Leo and His Circle
The Life of Leo Castelli
by Annie Cohen-Solal
Knopf, 576 pp., $35
It is a testament to the art world’s centrality in contemporary culture that even marginal figures like dealers are now treated to the sort of full-dress biographies that were once the privileged domain of generals, monarchs, and great writers. However one feels about this cultural shift, it seems quite clear that if any recent dealer deserves such treatment it is Leo Castelli, who presided over the international art world, and certainly over its New York chapter, for nigh on half-a-century. During that time, in some measure due to the exertions of Castelli himself, New York became the undisputed capital of the sort of contemporary art in which he exclusively trafficked.
The longevity of Castelli’s tenure means that, unless a New York critic happens to be well advanced in years, he is unlikely to recall a time when this dealer was not the major player on the art scene, until his death, at age 91, in 1999. Even if one did not know the man, one certainly saw him everywhere: In the cutthroat arena in which he moved, he was remarkable for communicating to all and sundry an effortless pleasantness. He also stood out for being so remarkably well dressed, in an equally effortless and elegant way, that it is difficult even now to speak of him without invoking the word “dapper.” But most of us never knew much about the man behind the smile and behind the astounding track record of his success in discovering the likes of Rauschenberg, Warhol, and a hundred other blue chip names. Now, thanks to this new biography, we are finally in a position to know the man.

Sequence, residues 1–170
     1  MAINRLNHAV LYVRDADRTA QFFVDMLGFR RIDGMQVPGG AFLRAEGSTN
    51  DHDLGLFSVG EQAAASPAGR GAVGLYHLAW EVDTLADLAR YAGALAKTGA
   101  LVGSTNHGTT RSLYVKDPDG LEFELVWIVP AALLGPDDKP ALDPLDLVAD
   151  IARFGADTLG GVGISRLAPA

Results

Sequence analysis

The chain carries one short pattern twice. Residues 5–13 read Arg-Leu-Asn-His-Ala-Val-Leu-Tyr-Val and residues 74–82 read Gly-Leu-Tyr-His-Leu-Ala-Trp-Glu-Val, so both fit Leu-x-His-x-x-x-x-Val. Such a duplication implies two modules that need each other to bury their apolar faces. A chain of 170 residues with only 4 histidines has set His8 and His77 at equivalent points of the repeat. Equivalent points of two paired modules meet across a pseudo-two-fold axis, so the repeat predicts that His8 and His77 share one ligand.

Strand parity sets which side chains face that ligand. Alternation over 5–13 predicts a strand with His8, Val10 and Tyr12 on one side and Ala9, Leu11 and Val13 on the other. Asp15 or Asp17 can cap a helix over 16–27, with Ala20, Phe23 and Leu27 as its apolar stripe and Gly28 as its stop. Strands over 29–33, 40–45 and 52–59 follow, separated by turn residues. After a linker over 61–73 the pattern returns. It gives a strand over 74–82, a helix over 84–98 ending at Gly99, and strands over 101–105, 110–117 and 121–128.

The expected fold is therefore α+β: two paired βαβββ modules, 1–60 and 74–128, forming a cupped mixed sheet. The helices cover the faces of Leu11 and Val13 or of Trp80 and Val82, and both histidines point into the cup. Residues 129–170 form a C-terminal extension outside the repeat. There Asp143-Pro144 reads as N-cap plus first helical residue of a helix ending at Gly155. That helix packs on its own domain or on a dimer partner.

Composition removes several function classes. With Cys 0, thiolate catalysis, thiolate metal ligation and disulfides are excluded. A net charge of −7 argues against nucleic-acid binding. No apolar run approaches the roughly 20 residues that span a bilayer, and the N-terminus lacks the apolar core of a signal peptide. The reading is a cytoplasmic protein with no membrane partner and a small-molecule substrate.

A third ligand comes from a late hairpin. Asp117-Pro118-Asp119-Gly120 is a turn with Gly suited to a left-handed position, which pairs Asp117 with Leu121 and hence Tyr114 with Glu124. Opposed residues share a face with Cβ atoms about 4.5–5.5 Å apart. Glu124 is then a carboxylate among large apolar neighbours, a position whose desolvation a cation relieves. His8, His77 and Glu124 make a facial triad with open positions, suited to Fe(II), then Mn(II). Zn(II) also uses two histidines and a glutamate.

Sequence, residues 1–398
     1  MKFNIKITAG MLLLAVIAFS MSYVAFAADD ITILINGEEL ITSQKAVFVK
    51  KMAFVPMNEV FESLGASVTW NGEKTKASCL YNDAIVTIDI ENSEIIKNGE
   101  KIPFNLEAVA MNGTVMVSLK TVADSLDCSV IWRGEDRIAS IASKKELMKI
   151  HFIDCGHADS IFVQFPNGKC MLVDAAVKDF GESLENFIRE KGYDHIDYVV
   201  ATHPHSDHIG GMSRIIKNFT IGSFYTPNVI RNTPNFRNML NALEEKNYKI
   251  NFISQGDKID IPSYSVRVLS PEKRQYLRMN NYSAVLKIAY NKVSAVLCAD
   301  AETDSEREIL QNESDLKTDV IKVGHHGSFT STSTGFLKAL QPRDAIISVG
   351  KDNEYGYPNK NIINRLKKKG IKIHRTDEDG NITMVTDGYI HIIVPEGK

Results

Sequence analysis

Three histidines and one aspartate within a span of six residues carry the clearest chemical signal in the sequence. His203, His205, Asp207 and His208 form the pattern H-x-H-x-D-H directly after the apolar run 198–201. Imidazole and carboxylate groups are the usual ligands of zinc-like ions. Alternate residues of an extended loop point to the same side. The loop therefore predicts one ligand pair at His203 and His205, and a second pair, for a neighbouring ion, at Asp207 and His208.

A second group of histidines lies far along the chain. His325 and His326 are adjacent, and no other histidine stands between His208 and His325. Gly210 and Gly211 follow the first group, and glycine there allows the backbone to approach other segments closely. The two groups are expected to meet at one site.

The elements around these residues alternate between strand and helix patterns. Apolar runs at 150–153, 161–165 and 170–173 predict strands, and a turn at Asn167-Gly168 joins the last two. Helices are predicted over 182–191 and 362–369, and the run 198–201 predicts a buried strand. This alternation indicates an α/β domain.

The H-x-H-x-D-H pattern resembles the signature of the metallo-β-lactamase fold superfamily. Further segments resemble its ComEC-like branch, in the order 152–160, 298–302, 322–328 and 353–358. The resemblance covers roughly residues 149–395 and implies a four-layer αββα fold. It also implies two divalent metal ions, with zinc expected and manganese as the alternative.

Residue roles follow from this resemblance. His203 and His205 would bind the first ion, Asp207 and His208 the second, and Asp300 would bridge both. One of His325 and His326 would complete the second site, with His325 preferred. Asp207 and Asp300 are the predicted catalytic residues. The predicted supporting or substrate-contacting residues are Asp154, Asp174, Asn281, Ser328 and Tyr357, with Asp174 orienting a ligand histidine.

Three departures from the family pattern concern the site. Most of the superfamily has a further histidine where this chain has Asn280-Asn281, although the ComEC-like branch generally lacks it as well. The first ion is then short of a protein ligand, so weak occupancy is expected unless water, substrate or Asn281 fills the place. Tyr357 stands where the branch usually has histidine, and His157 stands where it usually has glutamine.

Perhaps the most fundamental fact about him—and I write this with a sense of relief—is that there is little to disclose in the way of scandalous, Kitty Kelley details. Surely he had his affairs (many of them) and surely he hustled to build his business. But nothing in the nearly 600 pages of this work exceeds the normal and licit boundaries of conventional ambition or human frailty. And if there was much that the generality of his acquaintances did not know, that too lay within the normal ambits of human complexity. By all accounts, Castelli appears to have lived a relatively placid life over nine decades; and though this Jew from Trieste was forced to flee from fascism and come to America in the early 1940s, the details of his flight might be unique but the general narrative is one that he shares with millions of other men and women of his time.